What restricted cookies' spread?

Burning Questions

February 15, 2006|By ERICA MARCUS | ERICA MARCUS,NEWSDAY

I have a cookie recipe that calls for 2 tablespoons of half-and-half. The other day I used fat-free half-and-half instead, and while the cookies tasted fine, they didn't spread like they normally do. What happened? The recipe also calls for one cup of butter.

It's doubtful that what's not in fat-free half-and-half was the culprit here, because 2 tablespoons of even full-fat half-and-half would add only a bit more fat to 1 cup of butter. Instead I would blame what is in fat-free half-and-half: nonfat milk, milk, corn-syrup solids and carrageen, among other ingredients.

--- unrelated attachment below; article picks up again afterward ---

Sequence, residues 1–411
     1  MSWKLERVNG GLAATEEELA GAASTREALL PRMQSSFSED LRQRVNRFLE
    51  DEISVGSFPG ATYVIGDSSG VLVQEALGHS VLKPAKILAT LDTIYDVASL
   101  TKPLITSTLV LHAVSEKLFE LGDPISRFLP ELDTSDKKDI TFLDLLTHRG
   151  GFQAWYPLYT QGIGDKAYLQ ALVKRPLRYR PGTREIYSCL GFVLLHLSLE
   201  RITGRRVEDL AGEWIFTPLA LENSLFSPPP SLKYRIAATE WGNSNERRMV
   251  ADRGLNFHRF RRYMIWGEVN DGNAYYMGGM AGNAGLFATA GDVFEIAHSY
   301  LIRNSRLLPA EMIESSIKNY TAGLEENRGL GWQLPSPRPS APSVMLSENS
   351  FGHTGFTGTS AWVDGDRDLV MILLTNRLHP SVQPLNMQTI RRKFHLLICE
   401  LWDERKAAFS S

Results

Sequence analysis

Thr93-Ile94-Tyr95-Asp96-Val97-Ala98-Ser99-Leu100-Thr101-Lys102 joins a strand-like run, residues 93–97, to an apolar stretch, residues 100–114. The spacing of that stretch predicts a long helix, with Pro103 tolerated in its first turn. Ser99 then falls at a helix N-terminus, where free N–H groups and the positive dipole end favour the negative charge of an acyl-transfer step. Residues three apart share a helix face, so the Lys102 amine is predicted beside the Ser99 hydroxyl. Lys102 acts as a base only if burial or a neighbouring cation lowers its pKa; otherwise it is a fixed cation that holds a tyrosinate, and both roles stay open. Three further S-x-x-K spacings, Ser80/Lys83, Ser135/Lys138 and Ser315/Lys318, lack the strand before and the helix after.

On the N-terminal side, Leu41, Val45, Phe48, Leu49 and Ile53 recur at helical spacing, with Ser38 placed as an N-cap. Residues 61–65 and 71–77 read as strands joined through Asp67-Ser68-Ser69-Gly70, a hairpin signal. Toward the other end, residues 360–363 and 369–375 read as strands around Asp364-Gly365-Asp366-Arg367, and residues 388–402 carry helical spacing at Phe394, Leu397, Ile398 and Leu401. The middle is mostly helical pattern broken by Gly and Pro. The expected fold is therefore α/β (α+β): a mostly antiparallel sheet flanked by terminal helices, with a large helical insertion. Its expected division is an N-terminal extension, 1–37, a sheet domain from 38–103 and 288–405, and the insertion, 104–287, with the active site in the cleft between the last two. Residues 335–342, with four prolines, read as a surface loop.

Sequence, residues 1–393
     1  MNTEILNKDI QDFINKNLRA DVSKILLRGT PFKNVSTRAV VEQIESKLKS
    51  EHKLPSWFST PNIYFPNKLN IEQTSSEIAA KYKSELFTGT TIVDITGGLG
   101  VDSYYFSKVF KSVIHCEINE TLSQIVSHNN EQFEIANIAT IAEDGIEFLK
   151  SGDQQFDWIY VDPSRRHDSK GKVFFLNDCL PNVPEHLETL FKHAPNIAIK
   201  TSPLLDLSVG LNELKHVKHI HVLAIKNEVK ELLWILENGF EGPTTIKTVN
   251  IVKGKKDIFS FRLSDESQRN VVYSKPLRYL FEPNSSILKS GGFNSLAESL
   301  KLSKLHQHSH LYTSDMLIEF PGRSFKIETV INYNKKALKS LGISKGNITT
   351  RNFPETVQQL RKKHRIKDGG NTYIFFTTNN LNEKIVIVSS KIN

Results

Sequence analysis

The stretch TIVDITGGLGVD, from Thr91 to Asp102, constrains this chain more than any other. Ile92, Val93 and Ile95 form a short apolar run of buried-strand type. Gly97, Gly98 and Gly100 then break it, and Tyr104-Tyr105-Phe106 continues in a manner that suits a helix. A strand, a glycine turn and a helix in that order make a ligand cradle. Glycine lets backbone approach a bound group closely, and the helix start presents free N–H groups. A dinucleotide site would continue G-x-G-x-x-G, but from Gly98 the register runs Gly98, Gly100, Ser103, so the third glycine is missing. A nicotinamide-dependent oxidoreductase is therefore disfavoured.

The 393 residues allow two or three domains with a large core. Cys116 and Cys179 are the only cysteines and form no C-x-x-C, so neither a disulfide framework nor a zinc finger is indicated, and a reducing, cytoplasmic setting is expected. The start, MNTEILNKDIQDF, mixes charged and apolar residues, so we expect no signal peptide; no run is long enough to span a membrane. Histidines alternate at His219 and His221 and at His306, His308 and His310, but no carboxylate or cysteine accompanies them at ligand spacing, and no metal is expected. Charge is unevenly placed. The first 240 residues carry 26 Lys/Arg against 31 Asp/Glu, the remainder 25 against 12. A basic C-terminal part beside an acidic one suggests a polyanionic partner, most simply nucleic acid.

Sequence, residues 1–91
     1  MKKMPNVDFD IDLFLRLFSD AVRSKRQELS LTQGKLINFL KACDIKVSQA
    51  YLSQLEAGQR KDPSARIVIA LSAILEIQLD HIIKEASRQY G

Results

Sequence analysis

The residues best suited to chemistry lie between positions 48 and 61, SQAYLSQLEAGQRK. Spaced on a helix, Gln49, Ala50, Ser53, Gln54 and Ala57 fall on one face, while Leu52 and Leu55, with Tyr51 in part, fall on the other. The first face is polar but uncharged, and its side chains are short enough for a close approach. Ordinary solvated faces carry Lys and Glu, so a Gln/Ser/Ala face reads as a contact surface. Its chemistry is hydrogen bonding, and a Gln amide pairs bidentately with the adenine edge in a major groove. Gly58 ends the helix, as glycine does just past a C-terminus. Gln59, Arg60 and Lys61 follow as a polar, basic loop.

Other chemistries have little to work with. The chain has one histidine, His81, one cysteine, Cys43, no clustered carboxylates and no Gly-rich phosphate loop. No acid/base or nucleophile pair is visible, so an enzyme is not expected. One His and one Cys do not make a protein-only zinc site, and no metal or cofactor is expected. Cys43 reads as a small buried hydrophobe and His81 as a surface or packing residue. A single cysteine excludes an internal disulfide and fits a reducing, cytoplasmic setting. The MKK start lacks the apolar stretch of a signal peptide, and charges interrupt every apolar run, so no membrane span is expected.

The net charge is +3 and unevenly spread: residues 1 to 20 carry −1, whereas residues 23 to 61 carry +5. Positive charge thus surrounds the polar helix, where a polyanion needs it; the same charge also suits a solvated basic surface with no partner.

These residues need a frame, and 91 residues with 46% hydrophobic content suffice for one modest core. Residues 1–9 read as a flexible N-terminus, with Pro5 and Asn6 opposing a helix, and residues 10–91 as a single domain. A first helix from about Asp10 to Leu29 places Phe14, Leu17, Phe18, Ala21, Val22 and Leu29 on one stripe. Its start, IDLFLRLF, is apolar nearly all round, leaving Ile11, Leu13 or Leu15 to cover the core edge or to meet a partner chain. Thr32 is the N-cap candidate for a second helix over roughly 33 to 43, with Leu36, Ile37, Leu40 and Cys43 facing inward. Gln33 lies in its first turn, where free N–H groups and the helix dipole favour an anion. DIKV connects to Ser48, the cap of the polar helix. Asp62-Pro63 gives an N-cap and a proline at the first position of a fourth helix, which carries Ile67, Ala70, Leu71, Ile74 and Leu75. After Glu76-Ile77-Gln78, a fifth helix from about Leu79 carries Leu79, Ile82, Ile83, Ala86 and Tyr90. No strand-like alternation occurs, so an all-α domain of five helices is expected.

Carrageen, derived from seaweed, is commonly used as a thickener and an emulsifier - it makes foods denser and prevents fat from separating out from a solution. I have a feeling that the carrageen did it.

Erica Marcus writes for Newsday. E-mail your queries to burningquestions@newsday.com, or send them to Erica Marcus, Food/Part 2, Newsday, 235 Pinelawn Road, Melville, NY 11747-4250.

Baltimore Sun Articles
|
|
|
Please note the green-lined linked article text has been applied commercially without any involvement from our newsroom editors, reporters or any other editorial staff.